This all takes place in a time period that was more socially repressive for women than today's society, and the way Cameron uses this backdrop adds to my unease.  The murders are very gruesome and the victims are mutilated, and this violence is very specifically gendered: all the victims are women.  This is largely what drives Louisa; she feels a solidarity with the victims as a woman, and is determined that their deaths will not be forgotten or ignored.  The brutalised Louisa is rescued by women and finds solace in their protection, and there is a strong feeling in this novel of men and women working against each other rather than with each other.  Victoria Woodhull argues in her cameo appearance that the "Bowery Butcher" is a hero to men; that in violently subjugating women he is doing what most men wish to do.  That is a deeply unsettling idea - which Louisa refuses to believe at the time, and I don't believe it either - but the lack of resolution or motivation, allowing the murderer to disappear anonymously in the morass of men in New York, lends itself to the idea of the violent murderer as an everyman/anyman archetype.

I hope my rationalisation of why I felt so disturbed by this novel makes some sense.  It is a very well-written book with strong characters, but the extremity of the sexual violence inflicted on Louisa in particular left me with a strong distaste.  I think that means - much in the same way as there are some actors that I dislike because they play repellent characters rather too well and, in doing so, are tainted by it - that Kenneth Cameron does what he sets out to do too well, if such a thing were possible.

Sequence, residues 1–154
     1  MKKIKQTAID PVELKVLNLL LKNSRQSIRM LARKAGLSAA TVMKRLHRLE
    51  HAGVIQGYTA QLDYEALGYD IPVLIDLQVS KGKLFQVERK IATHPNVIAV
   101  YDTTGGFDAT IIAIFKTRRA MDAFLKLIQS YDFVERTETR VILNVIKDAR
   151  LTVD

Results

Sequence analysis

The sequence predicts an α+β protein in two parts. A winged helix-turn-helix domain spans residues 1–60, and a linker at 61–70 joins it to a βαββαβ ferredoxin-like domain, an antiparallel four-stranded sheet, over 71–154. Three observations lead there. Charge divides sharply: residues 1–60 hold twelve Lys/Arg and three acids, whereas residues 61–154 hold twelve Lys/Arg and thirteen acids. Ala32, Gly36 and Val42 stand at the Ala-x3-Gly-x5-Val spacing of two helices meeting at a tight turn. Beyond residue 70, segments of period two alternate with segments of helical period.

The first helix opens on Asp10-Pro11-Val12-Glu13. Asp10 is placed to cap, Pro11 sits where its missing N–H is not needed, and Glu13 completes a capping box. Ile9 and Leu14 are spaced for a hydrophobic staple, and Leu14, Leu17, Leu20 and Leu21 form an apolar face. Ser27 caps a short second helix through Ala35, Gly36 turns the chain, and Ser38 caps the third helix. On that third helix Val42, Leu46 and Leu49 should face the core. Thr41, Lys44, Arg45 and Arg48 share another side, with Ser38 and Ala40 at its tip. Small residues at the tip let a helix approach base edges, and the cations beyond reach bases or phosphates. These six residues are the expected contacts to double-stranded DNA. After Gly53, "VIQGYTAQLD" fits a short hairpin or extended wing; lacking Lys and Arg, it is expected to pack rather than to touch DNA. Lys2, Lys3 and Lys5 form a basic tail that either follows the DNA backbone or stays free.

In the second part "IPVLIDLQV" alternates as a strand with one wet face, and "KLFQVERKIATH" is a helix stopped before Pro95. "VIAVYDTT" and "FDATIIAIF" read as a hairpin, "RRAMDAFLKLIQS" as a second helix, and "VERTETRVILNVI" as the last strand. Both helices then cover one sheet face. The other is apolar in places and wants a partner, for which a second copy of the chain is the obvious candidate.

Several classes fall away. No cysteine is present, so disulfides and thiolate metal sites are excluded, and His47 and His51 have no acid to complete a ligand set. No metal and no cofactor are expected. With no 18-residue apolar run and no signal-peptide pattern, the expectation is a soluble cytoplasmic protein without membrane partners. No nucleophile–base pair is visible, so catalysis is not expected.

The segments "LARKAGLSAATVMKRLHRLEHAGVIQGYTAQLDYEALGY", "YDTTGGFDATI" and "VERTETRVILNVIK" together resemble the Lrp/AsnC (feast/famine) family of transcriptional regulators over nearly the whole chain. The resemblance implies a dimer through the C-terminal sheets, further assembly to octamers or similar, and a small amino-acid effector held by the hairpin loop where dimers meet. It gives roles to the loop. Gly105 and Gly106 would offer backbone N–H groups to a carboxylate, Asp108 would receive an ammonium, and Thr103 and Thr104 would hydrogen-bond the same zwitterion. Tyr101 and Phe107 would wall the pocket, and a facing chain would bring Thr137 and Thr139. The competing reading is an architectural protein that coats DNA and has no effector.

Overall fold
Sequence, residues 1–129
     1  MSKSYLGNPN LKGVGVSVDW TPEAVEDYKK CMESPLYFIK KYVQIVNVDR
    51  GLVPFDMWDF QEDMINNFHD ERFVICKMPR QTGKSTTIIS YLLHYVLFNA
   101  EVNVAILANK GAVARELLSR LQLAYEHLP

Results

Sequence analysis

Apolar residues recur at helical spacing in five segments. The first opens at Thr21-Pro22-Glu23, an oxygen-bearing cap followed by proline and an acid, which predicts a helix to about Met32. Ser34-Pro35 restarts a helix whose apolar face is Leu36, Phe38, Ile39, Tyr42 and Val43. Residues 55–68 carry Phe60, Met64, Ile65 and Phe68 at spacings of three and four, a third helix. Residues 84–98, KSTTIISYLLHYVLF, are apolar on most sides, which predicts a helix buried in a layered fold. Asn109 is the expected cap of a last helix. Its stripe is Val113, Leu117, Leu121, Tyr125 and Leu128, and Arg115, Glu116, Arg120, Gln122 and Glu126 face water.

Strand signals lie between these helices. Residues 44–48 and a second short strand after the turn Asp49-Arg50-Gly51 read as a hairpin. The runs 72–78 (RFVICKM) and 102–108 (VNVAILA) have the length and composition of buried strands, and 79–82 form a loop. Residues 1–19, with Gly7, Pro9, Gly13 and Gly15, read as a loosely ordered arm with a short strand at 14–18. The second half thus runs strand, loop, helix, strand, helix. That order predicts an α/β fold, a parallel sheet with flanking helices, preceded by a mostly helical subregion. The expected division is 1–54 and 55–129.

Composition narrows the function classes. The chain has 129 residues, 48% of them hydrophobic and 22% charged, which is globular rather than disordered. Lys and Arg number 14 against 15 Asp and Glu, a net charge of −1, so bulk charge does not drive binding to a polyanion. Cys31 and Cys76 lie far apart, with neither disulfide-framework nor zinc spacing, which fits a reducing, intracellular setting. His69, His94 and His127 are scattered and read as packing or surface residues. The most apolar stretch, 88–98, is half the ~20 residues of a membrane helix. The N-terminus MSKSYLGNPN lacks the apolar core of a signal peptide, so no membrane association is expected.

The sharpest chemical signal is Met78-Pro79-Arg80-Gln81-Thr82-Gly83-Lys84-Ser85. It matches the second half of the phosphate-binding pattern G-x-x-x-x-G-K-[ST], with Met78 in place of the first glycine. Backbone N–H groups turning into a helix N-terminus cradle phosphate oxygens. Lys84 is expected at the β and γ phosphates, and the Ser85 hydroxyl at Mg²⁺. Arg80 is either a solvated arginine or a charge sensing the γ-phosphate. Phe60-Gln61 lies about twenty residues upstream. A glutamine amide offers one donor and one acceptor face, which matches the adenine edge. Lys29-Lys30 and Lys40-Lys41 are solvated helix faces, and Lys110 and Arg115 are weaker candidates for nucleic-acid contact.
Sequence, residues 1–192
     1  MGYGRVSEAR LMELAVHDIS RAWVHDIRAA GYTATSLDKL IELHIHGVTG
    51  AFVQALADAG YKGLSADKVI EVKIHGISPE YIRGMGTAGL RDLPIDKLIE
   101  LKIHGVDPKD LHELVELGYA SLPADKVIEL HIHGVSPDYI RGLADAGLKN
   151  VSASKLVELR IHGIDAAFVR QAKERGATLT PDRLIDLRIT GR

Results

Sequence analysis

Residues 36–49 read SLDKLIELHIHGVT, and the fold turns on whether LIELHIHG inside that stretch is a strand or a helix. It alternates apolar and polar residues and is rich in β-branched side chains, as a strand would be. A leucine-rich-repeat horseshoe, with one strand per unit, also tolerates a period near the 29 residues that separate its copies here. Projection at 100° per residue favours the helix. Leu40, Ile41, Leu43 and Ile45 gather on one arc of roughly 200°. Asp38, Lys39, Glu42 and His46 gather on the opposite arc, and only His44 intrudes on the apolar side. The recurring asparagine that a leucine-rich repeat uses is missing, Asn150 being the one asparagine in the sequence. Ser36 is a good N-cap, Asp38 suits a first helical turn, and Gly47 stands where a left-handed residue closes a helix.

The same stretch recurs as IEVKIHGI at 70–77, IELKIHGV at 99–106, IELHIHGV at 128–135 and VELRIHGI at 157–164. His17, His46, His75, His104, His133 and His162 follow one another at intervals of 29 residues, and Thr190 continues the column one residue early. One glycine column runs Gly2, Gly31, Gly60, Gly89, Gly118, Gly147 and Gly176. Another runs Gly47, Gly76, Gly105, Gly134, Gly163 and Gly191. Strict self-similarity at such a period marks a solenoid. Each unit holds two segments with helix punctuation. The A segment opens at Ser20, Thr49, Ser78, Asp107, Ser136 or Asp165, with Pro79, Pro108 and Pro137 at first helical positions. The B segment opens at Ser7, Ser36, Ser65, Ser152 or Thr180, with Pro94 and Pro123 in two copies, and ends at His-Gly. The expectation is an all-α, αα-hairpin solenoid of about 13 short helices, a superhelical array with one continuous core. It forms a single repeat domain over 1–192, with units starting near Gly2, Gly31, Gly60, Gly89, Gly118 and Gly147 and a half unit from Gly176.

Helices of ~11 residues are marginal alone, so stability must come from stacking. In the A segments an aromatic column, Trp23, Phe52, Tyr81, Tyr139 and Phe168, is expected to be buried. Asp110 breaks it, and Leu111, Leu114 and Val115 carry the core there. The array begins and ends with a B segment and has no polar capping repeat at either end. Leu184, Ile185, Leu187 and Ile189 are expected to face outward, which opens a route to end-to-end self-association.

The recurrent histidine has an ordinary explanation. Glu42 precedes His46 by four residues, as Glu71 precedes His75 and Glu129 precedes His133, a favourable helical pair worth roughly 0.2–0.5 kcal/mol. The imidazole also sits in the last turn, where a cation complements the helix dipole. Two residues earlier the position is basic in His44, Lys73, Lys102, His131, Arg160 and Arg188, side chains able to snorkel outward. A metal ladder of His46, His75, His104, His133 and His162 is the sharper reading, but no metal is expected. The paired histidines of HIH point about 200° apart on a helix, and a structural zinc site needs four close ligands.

I'm very aware that my response to this novel is personal and is proscribed by my gender.  I would be very interested to hear if there are any male readers who have read this, and how they responded to it.


  1. I had better not read the spoilers as I have added the book to my "to read" list. I am very intrigued at your approach to writing this review.

    Have you read Mr Brigg's Hat by Kate Colquhoun? I bought this book alongside No Rest for the Dead by (many authors). I mention the Mr Brigg's Hat as its a Victorian murder mystery based on Britain's First Railway Murder. I mention the second only because I bought the two books at the same time and one of the authors of No Rest for the Dead Book is Jeffery Deaver

    PS Have you thought about posting a pic of your actual bookshelf as your blog backdrop?

  2. I don't think that the structure of this review will be a regular thing - just in the case of this particular book, I wanted to explain why it disturbed me and I couldn't do that without giving spoilers.

    I haven't heard of Mr Brigg's Hat, so I will keep an eye out for it - although I prefer my crime as fiction and not based on a real event. That normally creeps me out too much. I haven't heard of No Rest for the Dead. Is it short stories by different people, or a novel with each chapter written by a different author like Jeffery Deaver has done before with other writers?

    I've thought of using my own bookshelves, but they are usually a bit messy - and I already have a little picture as my profile picture. I did tidy them recently, so I might try it out today.

  3. Yes No rest for the Dead is one story written by many authors. Each wrote a chapter so continued the story although I think JD might have written two chapters (the first chapter and the last?). A very interesting concept.